We were on an airplane that had just landed somewhere, my mother, father, and I. I had been sitting next to a priest—between him, I think, and my mother. I was probably five or six.
Wait—I forgot to tell you that my mother was raised Catholic, in Milwaukee, and my father, Jewish, in Brooklyn. Oh, no—I did tell you that, a while ago, in the even sadder days. Anyway, as I stepped into the aisle of the airplane—stepped up to my father, who was standing there waiting for me—my mother said to me, “Say ‘Goodbye, Father.'” Meaning, say goodbye to the priest. So I did. I said, “Goodbye, Father,” and my own father laughed. That is, he laughed derisively—sort of scoffed, or sniggered.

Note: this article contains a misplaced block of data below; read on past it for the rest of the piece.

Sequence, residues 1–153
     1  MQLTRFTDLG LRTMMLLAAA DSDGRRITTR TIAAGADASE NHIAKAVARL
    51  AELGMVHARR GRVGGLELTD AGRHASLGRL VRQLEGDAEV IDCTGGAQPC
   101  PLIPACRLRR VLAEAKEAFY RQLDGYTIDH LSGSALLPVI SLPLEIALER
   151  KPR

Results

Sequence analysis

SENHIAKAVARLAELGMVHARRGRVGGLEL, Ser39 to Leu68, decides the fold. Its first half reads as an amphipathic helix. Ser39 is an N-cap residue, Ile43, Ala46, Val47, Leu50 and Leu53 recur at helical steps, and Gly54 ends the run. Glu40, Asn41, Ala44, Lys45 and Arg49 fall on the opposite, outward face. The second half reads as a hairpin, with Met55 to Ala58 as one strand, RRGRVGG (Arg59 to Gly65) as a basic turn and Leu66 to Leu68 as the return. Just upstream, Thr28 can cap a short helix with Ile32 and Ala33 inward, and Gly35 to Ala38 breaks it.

This is an odd memory, and there was a time that I thought about it so much that the memory of the memory is more vivid than the incident itself. I felt humiliated in a number of ways, though I was just a little girl. I felt like I had been caught by my father being stupid: using words that had meanings I couldn’t know, but should have known.
It was about him, right? Maybe it was about him and my mother and their differences. Probably, for him, it was about being Jewish, somehow. How could I not know the true meaning of this? How could I not know, in some deeper way, my own father? (Ladies and gents with real live daddys: know them, if you can. Just to have known him for a little while longer; just to have been a little older.) There was contempt there; that’s what I remember. It made a tiny part of me, like the wind against the sand.
Tonight I’m going to sit with it for a few minutes, and look at it. Goodbye, Father. Goodbye, father. Goodbye.